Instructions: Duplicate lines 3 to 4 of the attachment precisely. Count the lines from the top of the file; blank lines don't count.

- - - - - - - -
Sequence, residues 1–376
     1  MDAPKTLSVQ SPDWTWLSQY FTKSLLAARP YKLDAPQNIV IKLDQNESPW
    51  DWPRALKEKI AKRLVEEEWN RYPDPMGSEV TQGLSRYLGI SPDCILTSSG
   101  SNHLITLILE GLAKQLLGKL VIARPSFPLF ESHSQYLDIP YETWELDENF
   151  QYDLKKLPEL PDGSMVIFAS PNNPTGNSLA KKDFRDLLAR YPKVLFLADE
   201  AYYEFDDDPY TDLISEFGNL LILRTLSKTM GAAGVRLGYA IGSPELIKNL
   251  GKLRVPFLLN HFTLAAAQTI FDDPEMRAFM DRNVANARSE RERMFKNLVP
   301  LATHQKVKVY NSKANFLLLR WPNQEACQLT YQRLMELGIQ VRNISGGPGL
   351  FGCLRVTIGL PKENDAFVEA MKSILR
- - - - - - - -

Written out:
    51  DWPRALKEKI AKRLVEEEWN RYPDPMGSEV TQGLSRYLGI SPDCILTSSG
   101  SNHLITLILE GLAKQLLGKL VIARPSFPLF ESHSQYLDIP YETWELDENF